We placed landscape edging around the groups of plants. I was grateful for Bonita for challenging me to form interesting shapes with the edging; I was prepared to create perfect circles and ellipses which would have looked too boring.

We then filled the groups of plants with mulch, leaving about 1″ of space around the base of each plant.

6. Gravel

With all the plants in place, it was time to fill the rest of the space with rocks. Bonita found a company called BeeGreen that delivers recycled gravel for just $29 per cubic yard. The gravel served as our “base” to fill about 2 inches of space. They dropped the gravel off on our driveway.

I was able to distribute the gravel in about 3 hours.

2″ of gravel in place

7. Drip Irrigation

This was another super fun part. I spent some time researching and planing the drip irrigation setup and learned that, because we already have irrigation pipes and sprinkler heads in place, there are drip products that leverage existing infrastructure. All I needed to do was replace sprinkler heads with a drip manifold, then cap off unused sprinkler heads. The main thing to consider is that sprinkler systems have high water pressure – usually 60 psi. Drip systems cannot handle such pressure and will break, and thus the drip manifold must have a built-in pressure regulator that reduces pressure to 30 psi.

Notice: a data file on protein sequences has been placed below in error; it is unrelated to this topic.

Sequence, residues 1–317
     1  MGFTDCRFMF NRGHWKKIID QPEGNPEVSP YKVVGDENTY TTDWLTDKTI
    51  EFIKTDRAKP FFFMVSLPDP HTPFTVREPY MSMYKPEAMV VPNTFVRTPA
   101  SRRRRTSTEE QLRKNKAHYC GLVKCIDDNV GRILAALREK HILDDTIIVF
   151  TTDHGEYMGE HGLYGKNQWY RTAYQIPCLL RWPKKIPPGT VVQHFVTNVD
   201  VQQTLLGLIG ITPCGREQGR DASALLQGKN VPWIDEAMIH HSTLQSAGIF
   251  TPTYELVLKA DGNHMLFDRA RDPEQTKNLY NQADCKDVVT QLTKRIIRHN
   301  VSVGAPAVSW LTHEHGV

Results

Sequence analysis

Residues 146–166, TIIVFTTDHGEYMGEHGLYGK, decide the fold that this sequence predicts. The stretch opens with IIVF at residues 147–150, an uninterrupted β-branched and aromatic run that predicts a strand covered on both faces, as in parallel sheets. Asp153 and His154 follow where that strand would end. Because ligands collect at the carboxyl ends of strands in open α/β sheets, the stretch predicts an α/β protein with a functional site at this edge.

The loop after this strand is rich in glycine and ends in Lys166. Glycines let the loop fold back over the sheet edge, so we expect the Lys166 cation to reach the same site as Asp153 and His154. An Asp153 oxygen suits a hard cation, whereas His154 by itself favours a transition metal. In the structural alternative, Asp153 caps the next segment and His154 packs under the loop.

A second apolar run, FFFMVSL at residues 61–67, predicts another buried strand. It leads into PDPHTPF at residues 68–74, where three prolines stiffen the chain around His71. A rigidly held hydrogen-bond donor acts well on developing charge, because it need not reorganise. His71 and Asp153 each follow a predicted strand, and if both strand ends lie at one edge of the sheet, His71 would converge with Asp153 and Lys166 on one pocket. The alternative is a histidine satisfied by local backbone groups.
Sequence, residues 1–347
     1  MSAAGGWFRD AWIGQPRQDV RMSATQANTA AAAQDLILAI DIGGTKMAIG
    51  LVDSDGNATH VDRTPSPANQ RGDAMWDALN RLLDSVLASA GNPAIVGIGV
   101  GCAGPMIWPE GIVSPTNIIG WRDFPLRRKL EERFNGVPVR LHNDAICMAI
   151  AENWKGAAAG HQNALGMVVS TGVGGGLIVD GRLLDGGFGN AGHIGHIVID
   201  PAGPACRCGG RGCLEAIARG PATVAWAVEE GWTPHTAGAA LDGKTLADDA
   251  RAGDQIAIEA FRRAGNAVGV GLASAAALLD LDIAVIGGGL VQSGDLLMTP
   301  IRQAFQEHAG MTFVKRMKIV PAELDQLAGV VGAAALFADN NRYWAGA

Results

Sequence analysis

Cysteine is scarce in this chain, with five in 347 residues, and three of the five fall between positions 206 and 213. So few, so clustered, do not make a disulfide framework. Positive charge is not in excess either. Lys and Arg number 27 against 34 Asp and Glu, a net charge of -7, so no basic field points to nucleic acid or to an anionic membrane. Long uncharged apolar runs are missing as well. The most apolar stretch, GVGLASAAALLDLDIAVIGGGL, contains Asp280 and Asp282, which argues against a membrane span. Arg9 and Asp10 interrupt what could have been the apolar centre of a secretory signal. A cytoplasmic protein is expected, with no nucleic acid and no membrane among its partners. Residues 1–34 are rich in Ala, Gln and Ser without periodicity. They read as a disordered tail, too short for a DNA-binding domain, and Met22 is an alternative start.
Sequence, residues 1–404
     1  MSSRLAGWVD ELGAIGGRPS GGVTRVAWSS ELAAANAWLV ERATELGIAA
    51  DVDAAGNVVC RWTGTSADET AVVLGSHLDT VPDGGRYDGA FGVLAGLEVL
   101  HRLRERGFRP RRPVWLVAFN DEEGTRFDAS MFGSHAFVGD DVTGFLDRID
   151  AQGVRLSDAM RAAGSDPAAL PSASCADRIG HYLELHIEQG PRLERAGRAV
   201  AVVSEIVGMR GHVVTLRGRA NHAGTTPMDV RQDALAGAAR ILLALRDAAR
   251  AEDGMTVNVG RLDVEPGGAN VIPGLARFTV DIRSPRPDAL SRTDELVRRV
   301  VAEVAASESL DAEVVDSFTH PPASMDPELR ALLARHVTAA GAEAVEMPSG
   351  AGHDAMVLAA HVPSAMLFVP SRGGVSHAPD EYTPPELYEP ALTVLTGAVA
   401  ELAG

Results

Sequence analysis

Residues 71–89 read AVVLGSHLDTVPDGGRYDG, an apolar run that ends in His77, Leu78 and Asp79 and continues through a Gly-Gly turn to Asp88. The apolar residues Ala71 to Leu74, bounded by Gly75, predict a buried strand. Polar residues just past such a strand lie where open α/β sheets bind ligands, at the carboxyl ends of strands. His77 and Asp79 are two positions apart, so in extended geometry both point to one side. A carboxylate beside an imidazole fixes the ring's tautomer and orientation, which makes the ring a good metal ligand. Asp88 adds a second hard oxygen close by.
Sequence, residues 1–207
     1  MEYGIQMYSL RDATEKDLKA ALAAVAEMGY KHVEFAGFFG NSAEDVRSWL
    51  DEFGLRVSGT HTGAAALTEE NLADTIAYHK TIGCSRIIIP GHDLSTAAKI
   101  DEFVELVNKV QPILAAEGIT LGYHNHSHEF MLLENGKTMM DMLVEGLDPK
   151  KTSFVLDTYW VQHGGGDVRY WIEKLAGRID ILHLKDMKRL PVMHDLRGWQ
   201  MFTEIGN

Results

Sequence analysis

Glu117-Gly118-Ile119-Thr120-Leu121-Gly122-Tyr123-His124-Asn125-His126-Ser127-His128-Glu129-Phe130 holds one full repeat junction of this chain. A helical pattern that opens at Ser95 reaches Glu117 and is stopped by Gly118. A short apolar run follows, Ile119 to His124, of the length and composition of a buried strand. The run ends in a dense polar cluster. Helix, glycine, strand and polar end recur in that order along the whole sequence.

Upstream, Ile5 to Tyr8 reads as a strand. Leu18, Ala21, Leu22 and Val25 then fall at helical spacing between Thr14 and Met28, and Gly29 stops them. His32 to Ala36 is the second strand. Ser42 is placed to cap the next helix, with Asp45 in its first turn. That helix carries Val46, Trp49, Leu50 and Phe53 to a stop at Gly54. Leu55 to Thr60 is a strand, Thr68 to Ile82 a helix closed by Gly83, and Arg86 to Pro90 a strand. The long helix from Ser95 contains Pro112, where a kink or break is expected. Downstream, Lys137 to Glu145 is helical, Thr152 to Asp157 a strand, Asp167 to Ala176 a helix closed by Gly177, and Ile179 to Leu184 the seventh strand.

With the manifold in place, I spent a bunch of time connecting 1/4″ drip tubing from the manifold to the plants. I drilled through the landscape edging and planned to cover most of the tubing with rocks and mulch to give the garden a simple look.

Placing the drip tubing from the manifold to the plants
The 1/4″ tubing is hard to see but is visible near the bottom left side of the plant. The red color is a type of emitter that releases 2 gallons of water per hour.

8. Decorative Stone

I was pleased with BeeGreen and used them again for decorative stones. We chose a product called Yuba Stone.

I ended up ordering too much, but thankfully used the Yuba Stone in the side yard.

I bought a garden cart, which made transporting the stones really easy, but this process still took a few hours.

9. Automated Watering

One of our goals was to minimize ongoing maintenance. I am lazy and do not want to remember to water the plants. So I researched smart irrigation controllers that adjust watering based on inclement weather and seasonality. I ended up choosing a Rachio 3, which does all of the above and much more on a nifty app. Installation instructions were provided and easy – this took me less than one hour. Just remember to turn off the outlet on the electricity panel before installing the system.